Identity Theft Explained by a New York Federal Criminal Defense Lawyer
The Internet has brought forth a relatively new kind of crime: identity theft. As more and more of our identities and personal information wind up online and stored in countless databases, it is easier than ever for dedicated thieves to steal personally identifying information and use it for their own purposes. Because the scale and methods of the crime are relatively new, you may want to contact a New York federal criminal defense lawyer with experience in this field with your questions.
Identity theft is usually committed by obtaining specific information about a person that can be used to impersonate him or her. Most commonly, this includes a Social Security number (which is needed to open a line of credit), bank account numbers, website logins and passwords, or credit card numbers. The methods used to obtain this information range from low-tech to high-tech, as a New York federal criminal defense lawyer can tell you. Sophisticated computer hackers will spend months trying to hack into a database they know contains a trove of personal accounts. Alternatively, an identity thief might dig through recycle bins looking for thrown-out bank statements or pre-approved credit card offers. Some thieves use social engineering, in which they contact a target over the phone or the Internet and try to persuade them them to divulge sensitive information; for example, by pretending to be a representative from a bank. Even a mistake as innocent as forgetting to log off of your computer when you are finished using it might provide an opportunity for someone to commit identity theft. The unfortunate reality is that much of the information we use and access routinely, such as credit card numbers, date of birth, driver’s license numbers, family contacts, and phone numbers, are potential vectors for identity theft.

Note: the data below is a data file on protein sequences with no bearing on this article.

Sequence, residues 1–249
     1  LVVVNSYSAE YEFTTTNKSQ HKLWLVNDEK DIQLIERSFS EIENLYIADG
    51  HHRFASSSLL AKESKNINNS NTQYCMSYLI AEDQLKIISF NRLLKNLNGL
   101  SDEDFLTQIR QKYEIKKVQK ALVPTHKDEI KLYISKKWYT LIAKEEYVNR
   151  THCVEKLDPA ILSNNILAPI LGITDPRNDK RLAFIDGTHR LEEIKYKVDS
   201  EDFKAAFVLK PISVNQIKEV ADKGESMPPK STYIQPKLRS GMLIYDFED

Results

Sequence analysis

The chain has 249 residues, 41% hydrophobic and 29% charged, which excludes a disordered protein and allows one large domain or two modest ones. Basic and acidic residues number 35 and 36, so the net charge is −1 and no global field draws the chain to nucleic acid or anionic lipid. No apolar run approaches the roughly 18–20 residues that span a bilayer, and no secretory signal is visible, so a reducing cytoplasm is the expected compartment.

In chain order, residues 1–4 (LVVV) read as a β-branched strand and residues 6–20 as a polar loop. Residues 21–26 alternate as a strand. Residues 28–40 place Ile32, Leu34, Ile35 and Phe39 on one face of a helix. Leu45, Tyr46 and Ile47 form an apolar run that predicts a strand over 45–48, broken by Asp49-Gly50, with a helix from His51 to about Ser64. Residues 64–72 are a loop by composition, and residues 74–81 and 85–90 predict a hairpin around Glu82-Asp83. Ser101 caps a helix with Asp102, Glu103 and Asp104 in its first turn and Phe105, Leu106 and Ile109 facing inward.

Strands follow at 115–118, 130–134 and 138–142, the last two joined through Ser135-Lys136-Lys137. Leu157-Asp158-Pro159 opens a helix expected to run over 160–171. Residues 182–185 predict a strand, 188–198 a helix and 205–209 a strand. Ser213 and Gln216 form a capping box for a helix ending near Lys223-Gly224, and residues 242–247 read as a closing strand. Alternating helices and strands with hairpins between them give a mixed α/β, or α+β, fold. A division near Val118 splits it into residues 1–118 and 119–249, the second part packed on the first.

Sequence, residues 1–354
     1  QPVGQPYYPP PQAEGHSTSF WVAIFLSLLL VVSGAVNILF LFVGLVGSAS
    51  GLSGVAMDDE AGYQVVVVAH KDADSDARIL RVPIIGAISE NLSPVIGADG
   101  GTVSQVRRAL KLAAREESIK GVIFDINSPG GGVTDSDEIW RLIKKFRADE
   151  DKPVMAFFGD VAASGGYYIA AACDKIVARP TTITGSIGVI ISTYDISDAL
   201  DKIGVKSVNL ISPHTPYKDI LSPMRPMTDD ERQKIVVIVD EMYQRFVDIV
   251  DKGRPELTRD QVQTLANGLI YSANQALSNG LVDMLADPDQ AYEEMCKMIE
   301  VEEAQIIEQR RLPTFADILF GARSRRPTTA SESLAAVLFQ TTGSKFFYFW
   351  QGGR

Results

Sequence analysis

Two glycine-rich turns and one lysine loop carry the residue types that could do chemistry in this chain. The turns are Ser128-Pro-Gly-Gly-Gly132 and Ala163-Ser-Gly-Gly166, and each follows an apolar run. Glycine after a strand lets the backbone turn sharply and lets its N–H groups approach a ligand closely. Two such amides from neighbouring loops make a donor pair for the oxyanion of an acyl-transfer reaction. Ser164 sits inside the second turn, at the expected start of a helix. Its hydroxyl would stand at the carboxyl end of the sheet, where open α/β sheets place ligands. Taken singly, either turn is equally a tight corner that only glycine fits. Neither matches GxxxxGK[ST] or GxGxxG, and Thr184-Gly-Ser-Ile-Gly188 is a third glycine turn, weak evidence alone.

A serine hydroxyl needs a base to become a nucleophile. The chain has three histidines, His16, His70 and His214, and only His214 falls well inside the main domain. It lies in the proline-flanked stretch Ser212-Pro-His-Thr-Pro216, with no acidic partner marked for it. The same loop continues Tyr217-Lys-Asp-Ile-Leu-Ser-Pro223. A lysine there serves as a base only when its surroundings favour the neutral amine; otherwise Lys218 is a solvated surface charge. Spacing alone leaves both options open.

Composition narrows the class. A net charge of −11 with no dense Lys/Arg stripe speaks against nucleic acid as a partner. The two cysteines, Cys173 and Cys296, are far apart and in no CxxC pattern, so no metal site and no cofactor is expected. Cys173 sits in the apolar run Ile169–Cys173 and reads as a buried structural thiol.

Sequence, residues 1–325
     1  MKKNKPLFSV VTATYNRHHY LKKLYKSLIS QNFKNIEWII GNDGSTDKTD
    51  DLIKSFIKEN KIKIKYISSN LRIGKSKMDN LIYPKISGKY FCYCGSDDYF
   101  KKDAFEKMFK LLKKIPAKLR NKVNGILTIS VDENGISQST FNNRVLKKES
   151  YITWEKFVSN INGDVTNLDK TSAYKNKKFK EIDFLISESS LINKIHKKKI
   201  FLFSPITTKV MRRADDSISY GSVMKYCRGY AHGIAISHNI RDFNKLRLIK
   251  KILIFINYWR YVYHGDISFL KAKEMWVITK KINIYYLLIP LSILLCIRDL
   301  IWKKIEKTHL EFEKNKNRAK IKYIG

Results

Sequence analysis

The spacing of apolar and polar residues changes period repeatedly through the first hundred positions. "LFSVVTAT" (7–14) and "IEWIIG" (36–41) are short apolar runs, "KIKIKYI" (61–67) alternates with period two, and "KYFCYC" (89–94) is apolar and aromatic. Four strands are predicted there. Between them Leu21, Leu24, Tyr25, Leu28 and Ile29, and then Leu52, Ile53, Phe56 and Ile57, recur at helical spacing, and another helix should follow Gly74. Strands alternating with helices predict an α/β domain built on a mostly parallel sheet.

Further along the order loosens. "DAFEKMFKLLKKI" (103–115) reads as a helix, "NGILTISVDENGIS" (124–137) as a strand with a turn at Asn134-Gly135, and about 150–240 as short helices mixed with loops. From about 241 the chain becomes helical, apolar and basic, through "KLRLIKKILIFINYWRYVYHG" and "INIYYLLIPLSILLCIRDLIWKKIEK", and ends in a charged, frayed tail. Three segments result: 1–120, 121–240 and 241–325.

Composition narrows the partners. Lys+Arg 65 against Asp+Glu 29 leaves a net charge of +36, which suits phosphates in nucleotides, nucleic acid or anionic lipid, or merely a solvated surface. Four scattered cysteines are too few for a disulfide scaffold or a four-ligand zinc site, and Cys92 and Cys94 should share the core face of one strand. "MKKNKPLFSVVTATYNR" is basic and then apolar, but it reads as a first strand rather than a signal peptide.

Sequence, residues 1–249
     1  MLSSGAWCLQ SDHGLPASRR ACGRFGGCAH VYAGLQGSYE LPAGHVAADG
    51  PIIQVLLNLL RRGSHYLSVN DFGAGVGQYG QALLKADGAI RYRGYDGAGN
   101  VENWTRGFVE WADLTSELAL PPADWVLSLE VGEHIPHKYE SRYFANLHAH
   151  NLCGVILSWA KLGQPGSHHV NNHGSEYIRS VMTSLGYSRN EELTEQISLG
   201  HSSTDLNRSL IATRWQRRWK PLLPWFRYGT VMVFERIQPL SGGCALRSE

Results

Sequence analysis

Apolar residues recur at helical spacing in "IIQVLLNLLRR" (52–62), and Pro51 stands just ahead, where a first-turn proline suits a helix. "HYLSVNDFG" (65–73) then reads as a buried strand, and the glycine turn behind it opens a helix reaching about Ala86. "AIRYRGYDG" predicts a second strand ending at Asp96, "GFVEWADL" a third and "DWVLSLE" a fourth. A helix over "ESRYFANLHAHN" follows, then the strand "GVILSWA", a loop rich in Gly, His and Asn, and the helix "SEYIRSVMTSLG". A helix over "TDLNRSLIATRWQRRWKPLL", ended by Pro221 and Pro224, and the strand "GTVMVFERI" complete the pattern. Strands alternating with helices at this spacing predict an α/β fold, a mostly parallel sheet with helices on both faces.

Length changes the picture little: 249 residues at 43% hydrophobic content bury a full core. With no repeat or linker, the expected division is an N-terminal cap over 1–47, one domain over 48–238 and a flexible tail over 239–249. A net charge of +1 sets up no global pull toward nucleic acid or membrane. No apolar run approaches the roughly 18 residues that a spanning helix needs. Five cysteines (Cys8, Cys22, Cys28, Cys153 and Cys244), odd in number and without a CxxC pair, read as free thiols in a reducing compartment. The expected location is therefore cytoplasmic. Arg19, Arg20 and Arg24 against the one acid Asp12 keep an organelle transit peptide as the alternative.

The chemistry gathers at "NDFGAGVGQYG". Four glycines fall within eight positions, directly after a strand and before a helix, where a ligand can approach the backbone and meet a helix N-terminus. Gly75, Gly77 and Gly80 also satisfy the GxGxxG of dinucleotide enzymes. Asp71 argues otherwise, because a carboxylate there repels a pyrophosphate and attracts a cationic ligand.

The common element in all forms of identity theft is someone obtaining personally identifying information without the owner’s consent with the intent to use it for their own personal gain. One important fact that your lawyer will note is that the crime of identity theft does not require someone to actually do something with the information. It is enough to have the intention of using the information. For example, someone who mistakenly finds a dropped credit card and writes down the number on the card with the intent of using it later has still committed identity theft, even if they never actually use the number.
The penalties for identity theft vary depending on the jurisdiction, the type and scale of the information obtained, and the amount of damages caused. Possible penalties include prison time, fines, and restitution. For first-time offenders, probation may be offered.
If you are being investigated for identity theft or have questions about it, you may want to speak to a New York Federal Criminal Defense Lawyer. Call the Law Office of Frederick L. Sosinsky at (212) 285-2270.